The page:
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Whether you like your horse racing on turf, dirt or you aren’t fussy, the 2020 Flat season is guaranteed to be unique in uncertain times.
Every postwar renewal of the Kentucky Derby (G1) has taken place on the first Saturday in May, but Churchill Downs announced their premier race wouldn’t be run until Labor Day weekend in September this year. As America’s most famous race, nobody connected with Churchill Downs relishes the prospect of staging the run for the roses behind closed doors.
Other US Triple Crown events – the Preakness Stakes (G1) at Pimlico in Baltimore and the Belmont Stakes (G1) on the edge of New York City – have also been postponed. That means the major races for 3-year-olds, usually held over a five-week period in late spring and early summer, are now pencilled in for the fall.
Across the Atlantic, however, the organizers of Royal Ascot are hoping to stage their five-day festival and annual highlight of the UK Flat calendar with no paying audience. It should be stressed that Royal Ascot going ahead at all is subject to clearance from the British Horseracing Authority (BHA) and national government.
Just like the US Triple Crown events, the five Classics that are the UK equivalent have been postponed to a later date. How the pattern of these and other Group 1 races in the British Isles will look remains to be seen but, according to Mansion, these events are due to go ahead – just at different and as yet to be determined times in the year.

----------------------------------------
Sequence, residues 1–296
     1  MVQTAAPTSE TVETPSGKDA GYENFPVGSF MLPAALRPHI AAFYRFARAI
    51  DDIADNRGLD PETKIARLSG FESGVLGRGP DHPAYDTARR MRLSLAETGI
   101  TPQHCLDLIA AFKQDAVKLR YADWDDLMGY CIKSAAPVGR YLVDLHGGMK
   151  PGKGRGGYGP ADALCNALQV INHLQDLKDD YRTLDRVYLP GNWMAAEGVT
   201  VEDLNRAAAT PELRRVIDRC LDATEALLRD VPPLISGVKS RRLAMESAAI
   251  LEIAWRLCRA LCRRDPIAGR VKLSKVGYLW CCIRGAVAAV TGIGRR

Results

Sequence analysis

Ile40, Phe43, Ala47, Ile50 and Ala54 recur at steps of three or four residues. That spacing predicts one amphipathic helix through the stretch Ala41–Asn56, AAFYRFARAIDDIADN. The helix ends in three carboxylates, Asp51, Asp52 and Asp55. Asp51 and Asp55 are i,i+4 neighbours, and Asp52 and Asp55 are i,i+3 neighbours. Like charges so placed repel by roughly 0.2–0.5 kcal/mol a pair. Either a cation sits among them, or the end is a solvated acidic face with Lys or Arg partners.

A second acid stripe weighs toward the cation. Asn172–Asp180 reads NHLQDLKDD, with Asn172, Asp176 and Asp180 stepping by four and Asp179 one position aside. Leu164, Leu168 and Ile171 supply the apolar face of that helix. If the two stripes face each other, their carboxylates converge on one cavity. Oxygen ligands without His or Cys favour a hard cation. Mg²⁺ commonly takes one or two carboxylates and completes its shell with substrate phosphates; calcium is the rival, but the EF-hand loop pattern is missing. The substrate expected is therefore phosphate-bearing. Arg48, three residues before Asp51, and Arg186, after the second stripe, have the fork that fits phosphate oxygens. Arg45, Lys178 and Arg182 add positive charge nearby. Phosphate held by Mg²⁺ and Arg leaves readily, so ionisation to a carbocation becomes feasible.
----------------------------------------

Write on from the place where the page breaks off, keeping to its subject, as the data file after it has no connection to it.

There is the distinct possibility that the Epsom Derby and Epsom Oaks won’t be run at Epsom Downs. The racecourse is not enclosed and keeping the public away from the track could prove logistically difficult. As with the Triple Crown stateside, it is vital for the thoroughbred breeding and bloodstock world that the Classics are staged in Britain and Ireland.
The alternative is having a lost generation which includes exciting racehorses such as Godolphin’s unbeaten 2000 Guineas favorite Pinatubo and 2020 Florida Derby (G1) hero Tiz the Law, who heads the Kentucky Derby betting after his Gulfstream Park victory behind closed doors.
Being denied their place in sporting history would be a great shame. In the case of Pinatubo, he was given a higher BHA rating as a juvenile than the mighty Frankel. No 2-year-old colt has had such lofty expectations for a quarter of a century.
Pinatubo was the undisputed champion juvenile on either side of the Irish Sea, with trainer Charlie Appleby bold enough to run in him the Emerald Isle. He landed the National Stakes at The Curragh on Irish Champions Weekend in facile fashion before a routine victory in the Dewhurst at Newmarket.
Tiz the Law is bidding to become the fifth Florida Derby winner to be first past the post in the Kentucky Derby since 2013. Maximum Security thought he had done the double last year, only to be disqualified controversially at Churchill Downs for interference and placed down the field by stewards.
While Tiz the Law will be looking to avoid such agony, it reinforces what a key trial the Florida Derby is.
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